Nearly every major milestone in the US cannabis legalization movement has come as a result of voter initiative. A California measure in 1996 established the country’s first medical marijuana program, and initiatives are responsible for adult-use legalization in every state where it exists. While some European countries, such as the UK and the Netherlands, allow for referendums, the results of those votes aren’t legally binding; they’re merely advice to lawmakers.
This makes the job of European cannabis activists quite different from that of their American counterparts. To get a cannabis proposition on the ballot, American activists first have to spend a lot of time and money to gather enough signatures simply to qualify the measure for the ballot. Then comes campaigning and get-out-the-vote efforts. In Europe that’s not possible—even if you could muster the signatures of 99 percent of the population, there’s still no guarantee that anything will change.
The Netherlands is a good example: Polls show an impressive 70 percent support for legalization—a solid 10 points higher than in the US—but the government refuses to allow even limited experiments with regulated cultivation for the country’s cannabis coffeeshops.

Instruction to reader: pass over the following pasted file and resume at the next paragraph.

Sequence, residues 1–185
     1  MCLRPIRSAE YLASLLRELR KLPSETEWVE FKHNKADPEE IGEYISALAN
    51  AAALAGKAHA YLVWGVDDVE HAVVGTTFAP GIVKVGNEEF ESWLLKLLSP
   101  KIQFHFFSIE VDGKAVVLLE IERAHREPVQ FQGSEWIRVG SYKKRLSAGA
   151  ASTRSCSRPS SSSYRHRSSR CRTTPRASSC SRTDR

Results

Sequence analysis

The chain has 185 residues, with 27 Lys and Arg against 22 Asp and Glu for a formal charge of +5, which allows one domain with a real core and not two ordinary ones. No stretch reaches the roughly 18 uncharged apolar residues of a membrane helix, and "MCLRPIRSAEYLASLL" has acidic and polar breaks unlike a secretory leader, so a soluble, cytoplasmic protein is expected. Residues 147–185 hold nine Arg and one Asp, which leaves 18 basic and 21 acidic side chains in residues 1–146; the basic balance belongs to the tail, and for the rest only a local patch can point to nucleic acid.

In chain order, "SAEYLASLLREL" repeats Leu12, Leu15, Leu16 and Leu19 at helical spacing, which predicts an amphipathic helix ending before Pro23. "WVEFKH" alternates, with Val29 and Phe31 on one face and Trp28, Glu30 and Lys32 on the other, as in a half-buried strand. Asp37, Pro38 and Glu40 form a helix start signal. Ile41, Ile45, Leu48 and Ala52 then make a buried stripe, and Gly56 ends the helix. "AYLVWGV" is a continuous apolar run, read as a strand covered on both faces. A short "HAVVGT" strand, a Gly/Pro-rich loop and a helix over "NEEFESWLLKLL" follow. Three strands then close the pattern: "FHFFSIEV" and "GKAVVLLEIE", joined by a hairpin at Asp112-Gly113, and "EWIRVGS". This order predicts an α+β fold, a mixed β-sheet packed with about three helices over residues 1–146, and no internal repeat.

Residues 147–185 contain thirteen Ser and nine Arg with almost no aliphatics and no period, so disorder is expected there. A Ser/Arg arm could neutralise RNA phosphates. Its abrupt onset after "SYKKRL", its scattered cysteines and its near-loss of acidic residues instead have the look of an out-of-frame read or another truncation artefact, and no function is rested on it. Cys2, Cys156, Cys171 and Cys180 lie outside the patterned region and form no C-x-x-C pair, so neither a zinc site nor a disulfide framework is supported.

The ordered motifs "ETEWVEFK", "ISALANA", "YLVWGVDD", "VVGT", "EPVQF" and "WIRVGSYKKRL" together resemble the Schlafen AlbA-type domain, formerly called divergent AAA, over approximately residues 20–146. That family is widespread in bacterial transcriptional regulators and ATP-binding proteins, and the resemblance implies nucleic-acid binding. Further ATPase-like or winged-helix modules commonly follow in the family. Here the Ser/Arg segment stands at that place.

Amsterdam at dusk. (Flickr – Moyan Brenn)
The lack of direct democracy forces European activists to focus more on directly lobbying politicians and providing media outlets with evidence to support the change.
Nearly every step toward reforming cannabis policy in Europe has been the result of bottom-up, small-scale initiatives, for the most part starting in big cities. It’s how coffeeshops got their start in the Netherlands in the 1970s and how the cannabis social club movement got started off in Spain in the ‘90s. Another route to change is through the courts, like in the case of the German patient Michael F. who after a 16-year legal battle received permission to grow medical cannabis in his home. The case prompted German authorities to introduce medicinal cannabis legislation in 2017.
Despite the differences, one thing is certain: Nov. 8 has been a watershed moment for cannabis reform, not just in the United States, but globally.
There’s a bitter irony to the whole process: It was the United States that started the war on cannabis and exported it to the rest of the world, and it will be the United States that will end it and declare peace on the plant. President Obama got it right when he told Bill Maher that federal cannabis prohibition is “not going to be tenable” if the five states with adult-use cannabis on the ballot vote yes. The wall of cannabis prohibition won’t fall overnight, but it sure is crumbling.
Derrick Bergman is a Dutch journalist, photographer, and activist who has been covering cannabis culture since 1994.
Why Europe Can’t Legalise Cannabis Like the US A version of this article was originally published on Leafly . Cannabis activists around the world have watched legalization measures in nine